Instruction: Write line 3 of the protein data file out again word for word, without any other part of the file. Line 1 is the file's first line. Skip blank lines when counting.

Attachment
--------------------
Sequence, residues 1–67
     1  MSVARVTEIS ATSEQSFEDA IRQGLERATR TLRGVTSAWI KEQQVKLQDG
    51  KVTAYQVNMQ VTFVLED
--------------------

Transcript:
    51  KVTAYQVNMQ VTFVLED